1) Official Website – You can find out a lot about a person or a business when you look at their official website. Is it clean? Does it look like it was made in 1997? Are there any musical samples on the site? If so, does the music sound professionally produced and does it fit your aesthetic? Do you see any pictures, contact info, recent news, etc.? Essentially you want to ensure that the site looks professional, impressive and gels with what you are doing. In the case that you see a lot of success stories and customer praise written on the site, you can probably disregard that completely. After all, who would put a quote on their site like, “This Guy Sucks!” – Rolling Stone Magazine.
2) Web Search – Web searches are a musician’s best friend, especially when you are trying to dig up dirt on a company or an individual. The first thing you’ll want to do is a basic search with a name and some specific keywords. If you’re researching a business, it might look something like:
“My Music Masterclass”
“My Music Masterclass” music lessons
“My Music Masterclass” review
“My Music Masterclass” complaint
“My Music Masterclass” scam
“My Music Masterclass” article
“My Music Masterclass” rip off
“My Music Masterclass” ripoff
“mymusicmasterclass” music lessons
“mymusicmasterclass” rip off
Every one of these lines represents a separate web search. It’s important that you search multiple times with different keywords in order to get the results you need. You’ll notice that I put quotes around the website’s name, both with spaces and without. The quotes ensure that Google (or another search engine) will search for that exact phrase. You want to avoid getting results like:
“Dave brought his guitar to my studio to play some music. He really gave me a masterclass on rhythm playing”.
The reason I included the version with no spaces (mymusicmasterclass) is because Google will find URL links that people have posted, like:
“Have you seen this site, www.mymusicmasterclass.com? They’re totally legit!”
That’s a true statement by the way…LOL. Anyway, you want to do searches with both the spaces (My Music Masterclass) and without (mymusicmasterclass). It’s a lot of work, but if you get some different results, it’ll be worth it. Next, you’ll notice that I put a bunch of keywords after the quotes in hope of getting some relevant hits. Be creative with your keywords and think about how someone else would write about the site or company you are researching. If you’re worried that you might get ripped off, use words like “rip off”, “ripoff”, “complaint”, “scam”, “royalties”, etc. BTW, I spelled rip off (ripoff) in two ways on purpose. Remember, it’s the Internet and people spell things differently all the time. So be creative and go search crazy!
If you are researching a person, it might look something like this:
“Adam Small” music
“Adam Small” producer
“Adam Small” composer
“Adam Small” scam
“Adam Small” complaint
“Adam Small” success
Again, you’ll see that I used quotes around the name in order to search for the exact phrase. If you are not getting good results with the quotes, try it without them too. You have to be intelligent about your searches. For instance, what if this person (me) went by Adam M. Small? You would want to do a separate search for “Adam M. Small” too. Also, if he claimed to have produced Paul McCartney, do a search like:
“Adam Small” “Paul McCartney”
“Adam Small” producer “Paul McCartney”
“Adam Small” produced “Paul McCartney”
“Adam M. Small” producer “Paul McCartney”
You can obviously try this search with and without the quotes…there are a lot of options here. You get the idea, right?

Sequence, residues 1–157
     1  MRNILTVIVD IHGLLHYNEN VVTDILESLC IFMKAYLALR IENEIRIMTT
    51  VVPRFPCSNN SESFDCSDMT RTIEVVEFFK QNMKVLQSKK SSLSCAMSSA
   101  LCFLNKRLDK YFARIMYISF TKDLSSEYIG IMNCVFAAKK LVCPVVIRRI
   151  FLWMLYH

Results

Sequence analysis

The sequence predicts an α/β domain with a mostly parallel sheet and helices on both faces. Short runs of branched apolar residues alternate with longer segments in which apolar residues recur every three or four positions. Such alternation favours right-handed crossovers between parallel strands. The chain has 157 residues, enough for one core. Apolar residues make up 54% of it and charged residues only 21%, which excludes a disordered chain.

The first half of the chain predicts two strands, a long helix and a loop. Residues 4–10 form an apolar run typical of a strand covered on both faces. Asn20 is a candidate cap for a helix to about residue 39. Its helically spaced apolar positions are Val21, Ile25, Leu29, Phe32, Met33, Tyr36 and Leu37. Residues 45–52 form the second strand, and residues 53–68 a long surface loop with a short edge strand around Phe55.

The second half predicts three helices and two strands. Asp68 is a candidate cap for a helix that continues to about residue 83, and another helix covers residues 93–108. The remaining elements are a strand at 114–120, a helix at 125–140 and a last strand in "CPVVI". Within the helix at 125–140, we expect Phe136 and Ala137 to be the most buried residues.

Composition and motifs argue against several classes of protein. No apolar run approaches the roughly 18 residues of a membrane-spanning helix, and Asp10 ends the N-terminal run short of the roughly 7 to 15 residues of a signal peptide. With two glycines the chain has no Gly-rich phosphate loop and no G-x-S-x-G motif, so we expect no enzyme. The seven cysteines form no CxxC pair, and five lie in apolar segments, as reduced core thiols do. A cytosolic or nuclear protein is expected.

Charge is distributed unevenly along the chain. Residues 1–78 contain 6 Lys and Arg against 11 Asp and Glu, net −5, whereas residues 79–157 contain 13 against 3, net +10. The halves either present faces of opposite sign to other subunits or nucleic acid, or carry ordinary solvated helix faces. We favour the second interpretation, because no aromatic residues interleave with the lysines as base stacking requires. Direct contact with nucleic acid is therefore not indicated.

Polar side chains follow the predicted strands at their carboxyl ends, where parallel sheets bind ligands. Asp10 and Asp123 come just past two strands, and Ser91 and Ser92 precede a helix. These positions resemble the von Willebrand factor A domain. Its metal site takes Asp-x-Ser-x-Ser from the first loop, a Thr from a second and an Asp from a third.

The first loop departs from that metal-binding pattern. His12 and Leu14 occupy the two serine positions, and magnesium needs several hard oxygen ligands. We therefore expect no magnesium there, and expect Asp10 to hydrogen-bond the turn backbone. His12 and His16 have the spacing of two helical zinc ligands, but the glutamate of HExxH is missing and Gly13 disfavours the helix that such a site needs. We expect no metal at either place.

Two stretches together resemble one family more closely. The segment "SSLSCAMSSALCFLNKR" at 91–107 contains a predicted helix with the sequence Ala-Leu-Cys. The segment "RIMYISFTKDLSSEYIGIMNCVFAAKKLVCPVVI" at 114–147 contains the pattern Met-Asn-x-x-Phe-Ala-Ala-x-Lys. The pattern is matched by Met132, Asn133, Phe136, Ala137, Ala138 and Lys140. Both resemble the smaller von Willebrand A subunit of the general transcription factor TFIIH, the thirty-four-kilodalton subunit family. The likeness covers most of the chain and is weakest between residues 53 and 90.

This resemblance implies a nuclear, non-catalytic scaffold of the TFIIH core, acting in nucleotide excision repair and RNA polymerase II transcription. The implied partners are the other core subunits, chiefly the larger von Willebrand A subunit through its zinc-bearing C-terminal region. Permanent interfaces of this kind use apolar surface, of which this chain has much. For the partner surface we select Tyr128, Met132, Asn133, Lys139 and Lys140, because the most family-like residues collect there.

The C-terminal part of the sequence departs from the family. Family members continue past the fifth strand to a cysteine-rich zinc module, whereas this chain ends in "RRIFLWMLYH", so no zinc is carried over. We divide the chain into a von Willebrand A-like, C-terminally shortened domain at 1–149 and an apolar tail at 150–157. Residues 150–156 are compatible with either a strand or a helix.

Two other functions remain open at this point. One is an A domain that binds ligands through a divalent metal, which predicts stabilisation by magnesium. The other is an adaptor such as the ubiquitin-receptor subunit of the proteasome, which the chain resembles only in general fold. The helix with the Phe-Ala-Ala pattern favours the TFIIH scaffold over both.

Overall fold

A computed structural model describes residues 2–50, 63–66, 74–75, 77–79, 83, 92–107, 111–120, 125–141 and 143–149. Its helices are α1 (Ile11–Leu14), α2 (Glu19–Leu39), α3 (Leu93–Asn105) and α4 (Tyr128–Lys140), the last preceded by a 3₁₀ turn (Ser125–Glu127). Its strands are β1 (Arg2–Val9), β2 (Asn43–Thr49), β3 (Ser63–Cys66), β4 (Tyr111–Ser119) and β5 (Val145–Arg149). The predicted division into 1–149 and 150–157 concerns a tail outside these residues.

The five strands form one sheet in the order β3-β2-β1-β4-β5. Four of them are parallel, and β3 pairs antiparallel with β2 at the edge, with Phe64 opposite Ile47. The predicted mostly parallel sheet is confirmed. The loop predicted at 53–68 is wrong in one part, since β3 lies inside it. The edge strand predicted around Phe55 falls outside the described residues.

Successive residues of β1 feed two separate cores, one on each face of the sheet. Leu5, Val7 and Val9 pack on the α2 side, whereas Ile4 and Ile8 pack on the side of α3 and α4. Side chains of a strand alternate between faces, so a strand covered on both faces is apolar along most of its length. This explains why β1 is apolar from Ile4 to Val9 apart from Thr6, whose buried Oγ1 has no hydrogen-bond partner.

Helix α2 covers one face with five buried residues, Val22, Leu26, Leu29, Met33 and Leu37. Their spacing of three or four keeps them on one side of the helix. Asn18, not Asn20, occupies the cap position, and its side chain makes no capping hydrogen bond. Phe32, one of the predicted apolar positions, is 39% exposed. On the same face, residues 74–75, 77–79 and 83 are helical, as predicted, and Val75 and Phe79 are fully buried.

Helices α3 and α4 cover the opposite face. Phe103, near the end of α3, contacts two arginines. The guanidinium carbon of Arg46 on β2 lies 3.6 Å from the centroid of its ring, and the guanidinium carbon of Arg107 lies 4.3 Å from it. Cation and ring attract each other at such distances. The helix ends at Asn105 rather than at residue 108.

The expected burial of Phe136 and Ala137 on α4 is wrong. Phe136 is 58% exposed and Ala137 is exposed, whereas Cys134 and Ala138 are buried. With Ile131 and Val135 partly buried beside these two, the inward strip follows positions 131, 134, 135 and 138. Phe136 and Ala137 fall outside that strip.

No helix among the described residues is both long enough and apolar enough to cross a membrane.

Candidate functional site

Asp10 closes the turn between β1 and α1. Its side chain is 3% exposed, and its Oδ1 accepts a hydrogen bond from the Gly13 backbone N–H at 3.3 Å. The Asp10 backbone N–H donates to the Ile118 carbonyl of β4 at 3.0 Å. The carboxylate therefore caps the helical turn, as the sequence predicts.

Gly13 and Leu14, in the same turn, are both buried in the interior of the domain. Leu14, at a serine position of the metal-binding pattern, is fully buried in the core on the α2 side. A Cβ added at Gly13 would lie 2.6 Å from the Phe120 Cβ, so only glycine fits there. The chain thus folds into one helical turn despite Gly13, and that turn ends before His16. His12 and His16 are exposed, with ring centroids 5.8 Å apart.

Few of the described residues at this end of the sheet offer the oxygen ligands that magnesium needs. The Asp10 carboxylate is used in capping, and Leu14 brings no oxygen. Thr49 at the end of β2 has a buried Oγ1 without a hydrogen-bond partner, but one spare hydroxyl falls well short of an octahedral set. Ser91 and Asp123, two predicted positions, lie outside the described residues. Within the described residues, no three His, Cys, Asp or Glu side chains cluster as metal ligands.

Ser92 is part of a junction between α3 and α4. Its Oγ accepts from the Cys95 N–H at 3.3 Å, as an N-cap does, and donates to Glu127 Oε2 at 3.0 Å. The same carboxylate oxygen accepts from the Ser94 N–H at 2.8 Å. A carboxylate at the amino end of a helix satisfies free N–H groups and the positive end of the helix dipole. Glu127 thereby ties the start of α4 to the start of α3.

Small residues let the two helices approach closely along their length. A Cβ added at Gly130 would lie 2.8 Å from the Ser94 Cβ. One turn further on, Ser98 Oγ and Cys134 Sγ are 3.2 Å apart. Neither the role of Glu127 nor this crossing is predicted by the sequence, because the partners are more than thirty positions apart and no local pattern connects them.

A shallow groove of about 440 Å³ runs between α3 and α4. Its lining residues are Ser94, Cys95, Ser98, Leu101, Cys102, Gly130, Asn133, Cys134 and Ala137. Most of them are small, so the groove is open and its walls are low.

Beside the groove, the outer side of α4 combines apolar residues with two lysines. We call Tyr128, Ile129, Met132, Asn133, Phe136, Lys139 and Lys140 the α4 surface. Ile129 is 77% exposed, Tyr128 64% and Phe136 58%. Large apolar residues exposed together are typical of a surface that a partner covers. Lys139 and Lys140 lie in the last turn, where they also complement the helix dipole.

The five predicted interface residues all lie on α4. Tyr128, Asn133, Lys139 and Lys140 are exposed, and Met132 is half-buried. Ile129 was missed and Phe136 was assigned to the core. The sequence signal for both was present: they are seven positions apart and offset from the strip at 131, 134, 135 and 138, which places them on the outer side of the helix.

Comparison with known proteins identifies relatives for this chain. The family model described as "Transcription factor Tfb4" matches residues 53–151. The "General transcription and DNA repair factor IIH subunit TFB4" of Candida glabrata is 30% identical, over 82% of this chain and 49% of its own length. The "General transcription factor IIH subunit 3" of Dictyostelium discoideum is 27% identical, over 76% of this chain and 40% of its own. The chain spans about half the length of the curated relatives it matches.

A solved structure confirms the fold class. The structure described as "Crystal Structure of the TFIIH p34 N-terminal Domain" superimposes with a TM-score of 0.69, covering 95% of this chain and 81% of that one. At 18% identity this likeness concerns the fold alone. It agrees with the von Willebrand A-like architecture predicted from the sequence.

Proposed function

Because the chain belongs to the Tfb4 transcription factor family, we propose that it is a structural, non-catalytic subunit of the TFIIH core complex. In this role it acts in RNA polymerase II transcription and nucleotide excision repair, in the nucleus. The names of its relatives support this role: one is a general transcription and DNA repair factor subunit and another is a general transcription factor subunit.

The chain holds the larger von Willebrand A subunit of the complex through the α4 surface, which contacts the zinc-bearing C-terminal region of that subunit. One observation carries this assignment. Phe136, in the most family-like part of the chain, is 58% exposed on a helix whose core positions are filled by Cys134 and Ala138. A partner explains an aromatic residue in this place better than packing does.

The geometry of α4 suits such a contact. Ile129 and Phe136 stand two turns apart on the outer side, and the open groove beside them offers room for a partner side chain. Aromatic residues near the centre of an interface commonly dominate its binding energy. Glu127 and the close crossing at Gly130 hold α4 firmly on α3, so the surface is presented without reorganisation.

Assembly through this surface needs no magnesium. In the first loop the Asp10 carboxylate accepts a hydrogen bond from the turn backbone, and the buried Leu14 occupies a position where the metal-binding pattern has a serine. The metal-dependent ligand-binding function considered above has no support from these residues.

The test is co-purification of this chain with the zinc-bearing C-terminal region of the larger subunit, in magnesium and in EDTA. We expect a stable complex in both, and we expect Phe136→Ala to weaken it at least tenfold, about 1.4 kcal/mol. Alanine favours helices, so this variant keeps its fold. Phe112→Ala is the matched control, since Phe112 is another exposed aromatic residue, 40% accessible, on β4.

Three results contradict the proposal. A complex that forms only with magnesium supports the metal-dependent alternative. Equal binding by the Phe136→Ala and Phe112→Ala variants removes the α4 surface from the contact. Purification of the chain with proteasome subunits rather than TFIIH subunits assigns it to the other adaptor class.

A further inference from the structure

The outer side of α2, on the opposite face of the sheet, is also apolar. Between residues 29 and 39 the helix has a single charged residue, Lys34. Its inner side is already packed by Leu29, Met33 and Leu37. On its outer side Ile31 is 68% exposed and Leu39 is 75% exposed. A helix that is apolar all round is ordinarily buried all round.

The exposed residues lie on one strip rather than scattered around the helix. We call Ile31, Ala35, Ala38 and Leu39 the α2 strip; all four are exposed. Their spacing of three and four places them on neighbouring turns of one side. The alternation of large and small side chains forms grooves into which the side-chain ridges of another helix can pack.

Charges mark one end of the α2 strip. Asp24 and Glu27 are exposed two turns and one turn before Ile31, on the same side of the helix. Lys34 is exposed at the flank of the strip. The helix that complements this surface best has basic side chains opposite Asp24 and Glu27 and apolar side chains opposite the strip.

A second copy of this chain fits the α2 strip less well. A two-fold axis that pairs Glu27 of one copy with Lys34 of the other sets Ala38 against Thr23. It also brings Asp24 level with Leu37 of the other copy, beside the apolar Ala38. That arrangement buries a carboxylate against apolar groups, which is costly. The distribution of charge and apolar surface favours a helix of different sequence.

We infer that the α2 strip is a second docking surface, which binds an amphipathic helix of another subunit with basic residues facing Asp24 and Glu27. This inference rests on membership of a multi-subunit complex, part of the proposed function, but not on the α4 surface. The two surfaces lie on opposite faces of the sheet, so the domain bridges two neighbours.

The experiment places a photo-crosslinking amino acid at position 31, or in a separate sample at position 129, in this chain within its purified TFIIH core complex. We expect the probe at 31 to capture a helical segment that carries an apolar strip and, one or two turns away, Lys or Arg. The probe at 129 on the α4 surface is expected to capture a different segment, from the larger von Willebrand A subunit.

3) Forums and Communities – Your initial searches (above) should give you some great info, but if you really want to dig up some dirt you’ll have to target the forums and communities. Musicians often post in these areas about positive and negative experiences they’ve had in the industry and this is a great way to find out what’s really going on. I’ve seen numerous people post threads about how they were scammed, how they received placements from a service and more. These discussions can be priceless and it’s important to find them! So a forum and community search might look like this:
“Adam Small” forum
“Adam Small” thread
“Adam Small” producer forum
“Adam Small” producer thread
“Adam Small” producer “Paul McCartney” thread
“Adam Small” producer “Paul McCartney” forum
“Adam Small” producer scam forum
“Adam Small” producer complaint thread
I don’t want to bore you with all of the possibilities here, but you get the idea. The words “forum” and “thread” will typically target forum search results. You can also use words like “discussion”, “conversation” or “community” instead. These words might give you different search results due to the architecture of the specific community you’re going after. Essentially, you just want to use words that are present in these areas. In forums, each topic is usually called a thread, which is why that’s a useful word to search for. So again, be creative and think outside the box!
4) Songwriting Credits – If someone is claiming to have written or co-written a famous song, you can usually find out if the info is true relatively easily. First, do a detailed web search using the techniques I showed above. If that doesn’t work, you may get lucky searching the ASCAP, BMI or SESAC databases available on their respective websites. You can search by song title, songwriter, publisher, etc. Note: there are other Performing Rights Organizations around the world, but ASCAP, BMI and SESAC are the big three in America.
So what did you find out? If you found something negative, that’s obviously a red flag. If you found nothing at all, that might be a red flag too. If you found out something positive, WooHoo! This isn’t a cut and dry science, but you have to understand how much information is available to you on the web. We live in an age where information and opinions are all around us, so we must tap into these resources and use them to our advantage.
So, be wary of “opportunities” that are too good to be true. Do your research and arm yourself with all the information you can get your hands on. If more musicians start catching on to these scammers, we can put them out of business or at least feed them to the dragons (of the House Targaryen of course)!
P.S. To learn the true secrets for music industry success, please sign up for my VIP Membership Club ($3500 a year) and recruit 28 of your friends for a 3% discount (kidding of course).